Forced disappearance in Bangladesh

Forced Disappearances in Bangladesh first occurred under Sheikh Mujib's regime between 1972 - 1975. Many members of Jatiyo Samajtantrik Dal, army officers and other opposition party members were picked up by Jatiya Rakkhi Bahini, an elite para-military force formed by Sheikh Mujibur Rahman.[1]

Forced disappearance did not happen frequently or continuously in Bangladesh until 2010. Since then, under the Awami League regime, at least 205 people have been forcefully disappeared by the state security forces[2][3] and continuing every month.

According to the report of a domestic human rights organization, 82 people were forcefully disappeared from January to September in 2014.[4] The activists and leaders of opposition parties constitute the majority of the victims. After the disappearances, a few of the victims were found dead while others remained missing.[5] Before the controversial national election of 2014, at least 19 opposition men were picked up by the security forces.[6]


After the Awami League party assumed power in the country through election in 2009, law and order situation began to deteriorate with opposition men being attacked by the ruling party men that left several opposition men killed and many others injured.[7][8][9] Armed conflicts and violence erupted in the university campuses throughout the country.[10] Political activities of the opposition parties were often attacked.[11] From 2010, picking up of opposition leaders and activists by the state security forces began to surge in the country.

Pre-election period of 2013

Throughout most of 2013, Bangladesh Nationalist Party (BNP) and its alliance observed nationwide general strikes and blockades in demand of a non-partisan interim government or a caretaker government to hold the next general election of 2014. The E.U., the U.S. and the Commonwealth announced that they would not send observers since they were concerned about the credibility of the election.[12][13][14] Before the controversial national election of 2014, allegedly 19 opposition men were picked up by security forces.[6] Other media and human rights organizations have cited the number to be from eight to ten.[15][16] As of 2015, they remained missing.[6]

Notable cases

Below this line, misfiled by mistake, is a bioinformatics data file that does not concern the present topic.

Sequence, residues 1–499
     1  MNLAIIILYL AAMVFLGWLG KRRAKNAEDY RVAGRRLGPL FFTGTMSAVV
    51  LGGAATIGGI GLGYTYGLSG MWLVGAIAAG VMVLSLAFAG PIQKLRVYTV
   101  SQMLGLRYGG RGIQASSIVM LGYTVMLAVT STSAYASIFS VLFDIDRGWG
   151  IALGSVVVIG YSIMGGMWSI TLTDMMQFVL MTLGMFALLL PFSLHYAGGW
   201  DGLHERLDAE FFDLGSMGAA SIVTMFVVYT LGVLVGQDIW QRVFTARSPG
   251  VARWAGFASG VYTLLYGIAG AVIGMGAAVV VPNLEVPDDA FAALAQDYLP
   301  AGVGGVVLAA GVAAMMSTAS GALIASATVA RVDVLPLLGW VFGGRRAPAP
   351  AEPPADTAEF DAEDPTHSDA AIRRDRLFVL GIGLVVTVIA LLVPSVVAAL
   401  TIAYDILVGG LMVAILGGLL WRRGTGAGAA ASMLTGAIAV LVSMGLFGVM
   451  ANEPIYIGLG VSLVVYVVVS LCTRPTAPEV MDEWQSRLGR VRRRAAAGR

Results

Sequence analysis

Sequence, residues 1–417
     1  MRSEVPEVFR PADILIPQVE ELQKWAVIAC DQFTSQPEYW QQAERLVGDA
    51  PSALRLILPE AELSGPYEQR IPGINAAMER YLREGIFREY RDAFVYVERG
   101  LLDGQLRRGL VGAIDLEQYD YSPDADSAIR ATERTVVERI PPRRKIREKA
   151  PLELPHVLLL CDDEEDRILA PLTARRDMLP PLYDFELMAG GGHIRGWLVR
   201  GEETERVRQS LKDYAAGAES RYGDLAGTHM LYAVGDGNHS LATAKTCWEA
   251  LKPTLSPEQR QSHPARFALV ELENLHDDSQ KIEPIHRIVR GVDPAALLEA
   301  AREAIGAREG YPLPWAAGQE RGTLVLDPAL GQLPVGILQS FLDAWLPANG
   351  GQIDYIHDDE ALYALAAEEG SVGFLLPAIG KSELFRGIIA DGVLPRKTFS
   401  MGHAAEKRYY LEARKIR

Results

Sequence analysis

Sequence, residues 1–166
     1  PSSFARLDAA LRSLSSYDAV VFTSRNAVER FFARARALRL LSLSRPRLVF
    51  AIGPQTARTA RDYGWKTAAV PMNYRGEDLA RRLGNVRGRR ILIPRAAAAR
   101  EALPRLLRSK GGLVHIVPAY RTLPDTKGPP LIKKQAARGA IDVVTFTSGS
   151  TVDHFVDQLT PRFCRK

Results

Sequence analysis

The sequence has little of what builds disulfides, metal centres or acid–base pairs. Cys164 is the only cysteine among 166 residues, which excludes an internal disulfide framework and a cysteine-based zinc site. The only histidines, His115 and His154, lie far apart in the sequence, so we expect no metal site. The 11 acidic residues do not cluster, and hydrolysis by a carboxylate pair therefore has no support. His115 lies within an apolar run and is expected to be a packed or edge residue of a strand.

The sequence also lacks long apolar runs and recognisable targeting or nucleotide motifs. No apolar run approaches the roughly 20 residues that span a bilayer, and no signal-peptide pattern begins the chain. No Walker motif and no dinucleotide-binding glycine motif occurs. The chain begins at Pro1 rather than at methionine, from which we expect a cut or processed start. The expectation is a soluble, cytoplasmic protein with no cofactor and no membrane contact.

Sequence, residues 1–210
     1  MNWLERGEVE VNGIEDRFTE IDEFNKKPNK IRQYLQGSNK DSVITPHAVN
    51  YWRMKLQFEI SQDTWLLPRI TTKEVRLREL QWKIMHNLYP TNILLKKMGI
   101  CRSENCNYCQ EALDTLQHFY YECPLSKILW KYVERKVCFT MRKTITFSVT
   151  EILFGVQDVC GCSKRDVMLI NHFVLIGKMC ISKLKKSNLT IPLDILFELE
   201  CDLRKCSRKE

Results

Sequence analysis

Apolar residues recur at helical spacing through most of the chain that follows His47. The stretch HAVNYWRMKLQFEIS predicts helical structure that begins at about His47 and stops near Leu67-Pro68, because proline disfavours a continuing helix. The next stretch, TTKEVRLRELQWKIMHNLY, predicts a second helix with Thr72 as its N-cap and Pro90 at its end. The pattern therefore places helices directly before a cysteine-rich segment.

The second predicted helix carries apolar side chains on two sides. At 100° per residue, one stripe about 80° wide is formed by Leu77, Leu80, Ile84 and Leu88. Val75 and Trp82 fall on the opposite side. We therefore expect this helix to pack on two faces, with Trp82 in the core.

Chowdhury Alam

Probably the recorded case of enforced disappearance was that of Chowdhury Alam. On 25 June 2010, an opposition leader Chowdhury Alam was arrested by the state police and remained missing since then.[17] His abduction was later denied by the law enforcing agencies.[18]

Ilyas Ali

On 17 April 2012, Ilyas Ali, another prominent leader of the main opposition party BNP, went missing after last being seen in Dhaka at midnight with his driver.[19][20][21] His private car was found abandoned near his Dhaka home.[21] In the following days, five of his party men died and many were injured as they observed strikes and demonstration programs in protest of the disappearance.[20] The incident got much media coverage.

Aminul Islam

Aminul Islam, a Bangladeshi trade unionist, was a member of Bangladesh Garment & Industrial Workers Federation and an organizer for the Bangladesh Center of Worker Solidarity.[22] On 5 April 2012, Islam’s dead body was found near Dhaka after being disappeared earlier.[22][23] The body bore marks of torture.[22][23] His disappearance and murder sparked much international criticism.[23]

Salahuddin Ahmed

Joint secretary general of BNP went missing on March 10, 2015. He was picked up by group of unknown people from Uttara, Dhaka.[24] He was later found arrested by police in Shillong, India.[25]

Others cases


The incidents of enforced disappearances were condemned by both domestic and international human rights organizations. The main opposition party BNP has held the government responsible for conducting these forced disappearances,[45][46] and demanded an UN-sponsored investigation into such cases.[47] The British parliament frequently expressed concerns over the forced disappearances of political opponents in Bangladesh.[48][49] During her visit to Bangladesh in 2012, former U.S. Secretary of State Hillary Clinton expressed concern over the disappearance of Ilyas Ali and Aminul Islam.[20] Despite the demands for the government initiatives to probe such disappearances, investigations into such cases were absent.[6][50][51]